September 18, 2007 in Nation/World

Suicide bomber kills seven in Afghanistan

John Ward Anderson Washington Post

KABUL, Afghanistan – At least seven people were killed Monday when a suicide bomber detonated his explosives-packed vest outside a government building in Afghanistan’s southern Helmand province, a stronghold of the Taliban insurgency and one of the most violent regions in the country.

The attack was the latest in a string of suicide bombings in Afghanistan, where such attacks were rare until a few years ago.

So far this year, there have been 103 suicide attacks, according to a new U.N. report, which said the bombings are harming “civilians’ perceptions of the ability of the Afghan government to protect them.”

Monday’s attack apparently targeted the police chief of Nad-e Ali, a small town near the provincial capital of Lashkar Gah, according to Haji Abdul Manaf, a government official in the nearby town of Gereshk.

The incident occurred about 1 p.m. when the bomber attempted to approach the chief outside Nad-e Ali’s main government building, according to a regional police official who spoke on condition of anonymity.

He said the attacker detonated his charge after being stopped by police guards at a checkpoint. Three police officers and four civilians were killed in the blast; the police chief and several others were injured.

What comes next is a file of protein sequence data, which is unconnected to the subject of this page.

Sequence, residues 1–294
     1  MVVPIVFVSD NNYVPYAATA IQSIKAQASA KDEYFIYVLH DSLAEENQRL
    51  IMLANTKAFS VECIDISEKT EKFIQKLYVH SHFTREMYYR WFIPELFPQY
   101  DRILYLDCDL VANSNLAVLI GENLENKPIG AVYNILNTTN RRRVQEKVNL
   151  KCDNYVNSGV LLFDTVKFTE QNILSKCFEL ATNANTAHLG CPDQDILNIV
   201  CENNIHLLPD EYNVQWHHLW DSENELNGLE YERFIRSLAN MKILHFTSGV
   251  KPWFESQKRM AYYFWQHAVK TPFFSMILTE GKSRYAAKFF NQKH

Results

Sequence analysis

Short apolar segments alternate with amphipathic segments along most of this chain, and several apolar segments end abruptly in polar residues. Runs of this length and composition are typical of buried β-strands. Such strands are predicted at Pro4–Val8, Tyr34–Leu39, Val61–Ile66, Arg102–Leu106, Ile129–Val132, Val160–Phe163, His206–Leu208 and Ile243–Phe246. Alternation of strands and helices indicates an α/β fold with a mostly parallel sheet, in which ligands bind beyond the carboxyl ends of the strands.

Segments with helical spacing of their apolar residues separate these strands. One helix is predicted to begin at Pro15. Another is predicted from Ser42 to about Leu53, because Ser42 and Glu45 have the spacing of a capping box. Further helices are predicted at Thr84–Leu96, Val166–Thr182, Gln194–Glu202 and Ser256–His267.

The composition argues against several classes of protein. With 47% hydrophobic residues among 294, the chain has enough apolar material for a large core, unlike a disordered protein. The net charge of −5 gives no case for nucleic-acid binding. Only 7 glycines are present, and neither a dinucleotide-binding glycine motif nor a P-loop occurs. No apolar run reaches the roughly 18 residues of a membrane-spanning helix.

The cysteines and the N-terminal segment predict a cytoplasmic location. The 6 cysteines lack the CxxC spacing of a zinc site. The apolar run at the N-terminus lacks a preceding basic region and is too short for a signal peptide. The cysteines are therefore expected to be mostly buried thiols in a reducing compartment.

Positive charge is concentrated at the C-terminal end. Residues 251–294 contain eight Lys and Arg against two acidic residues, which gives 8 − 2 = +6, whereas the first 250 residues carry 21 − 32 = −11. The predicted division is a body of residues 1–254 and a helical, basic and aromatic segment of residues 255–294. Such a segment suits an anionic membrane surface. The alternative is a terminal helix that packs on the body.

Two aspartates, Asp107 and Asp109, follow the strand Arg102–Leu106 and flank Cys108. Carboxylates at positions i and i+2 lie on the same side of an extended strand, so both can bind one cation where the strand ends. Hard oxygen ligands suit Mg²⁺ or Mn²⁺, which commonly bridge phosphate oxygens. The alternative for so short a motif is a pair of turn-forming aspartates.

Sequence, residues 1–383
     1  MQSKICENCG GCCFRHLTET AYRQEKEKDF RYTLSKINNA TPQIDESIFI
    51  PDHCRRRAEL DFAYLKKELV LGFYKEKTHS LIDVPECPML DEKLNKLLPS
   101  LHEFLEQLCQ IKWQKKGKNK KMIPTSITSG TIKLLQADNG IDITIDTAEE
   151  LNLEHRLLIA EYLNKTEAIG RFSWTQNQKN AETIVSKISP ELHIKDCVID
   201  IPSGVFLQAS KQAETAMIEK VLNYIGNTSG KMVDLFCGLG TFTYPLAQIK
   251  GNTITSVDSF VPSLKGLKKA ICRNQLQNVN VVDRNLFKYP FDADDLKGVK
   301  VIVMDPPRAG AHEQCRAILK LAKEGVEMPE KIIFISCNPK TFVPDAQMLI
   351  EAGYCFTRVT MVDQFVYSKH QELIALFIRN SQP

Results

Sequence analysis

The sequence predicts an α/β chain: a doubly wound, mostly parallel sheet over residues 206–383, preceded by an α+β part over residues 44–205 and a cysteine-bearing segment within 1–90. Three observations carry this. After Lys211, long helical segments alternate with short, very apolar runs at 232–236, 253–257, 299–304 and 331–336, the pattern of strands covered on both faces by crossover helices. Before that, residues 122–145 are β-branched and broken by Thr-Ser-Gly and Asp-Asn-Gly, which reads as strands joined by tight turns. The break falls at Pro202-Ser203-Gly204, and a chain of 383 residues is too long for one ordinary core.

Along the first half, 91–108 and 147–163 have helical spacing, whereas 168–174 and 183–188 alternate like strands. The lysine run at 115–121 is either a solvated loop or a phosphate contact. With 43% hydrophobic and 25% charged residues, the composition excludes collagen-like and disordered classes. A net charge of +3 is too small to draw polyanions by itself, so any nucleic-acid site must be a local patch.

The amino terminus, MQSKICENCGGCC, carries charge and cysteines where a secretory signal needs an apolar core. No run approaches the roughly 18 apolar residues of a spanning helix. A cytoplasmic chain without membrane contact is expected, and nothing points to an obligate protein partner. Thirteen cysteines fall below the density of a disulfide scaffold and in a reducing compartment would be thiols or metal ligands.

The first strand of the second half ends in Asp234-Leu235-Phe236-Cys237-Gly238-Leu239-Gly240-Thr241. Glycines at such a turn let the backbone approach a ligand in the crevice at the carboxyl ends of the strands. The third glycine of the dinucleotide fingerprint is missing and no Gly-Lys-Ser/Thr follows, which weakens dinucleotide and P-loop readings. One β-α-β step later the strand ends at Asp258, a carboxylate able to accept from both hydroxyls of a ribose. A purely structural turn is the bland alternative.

Suicide bombings have plagued Iraq, where thousands of people have been killed in attacks on markets, mosques, buses, checkpoints, bridges and other public targets since the start of the war there. Many of the attackers are Sunni Muslims from the extremist group al-Qaida in Iraq, and the victims are typically Shiites. Suicide bombings in Afghanistan appear to be rarely, if ever, sectarian.

According to the U.N. report released last week, Afghanistan recorded only two suicide attacks in 2003 and three in 2004. In 2005, the figure spiked to 17, and last year it ballooned to 123.

Some analysts have asserted that suicide attacks “are not consistent with Afghan culture ” and are the work of foreigners, the report noted.

However, it said, “the expansion of suicide assaults has compelled analysts to believe that while the practice may have begun as an imported tactic, the suicide mission has become an integral part of the Taliban’s strategy.”

In a comprehensive analysis of attacks over the first six months of this year, the report found that 193 people, most of them civilians, had been killed in suicide attacks. Sixty-two of the fatalities were members of Afghan security forces, and 10 were from international military forces.

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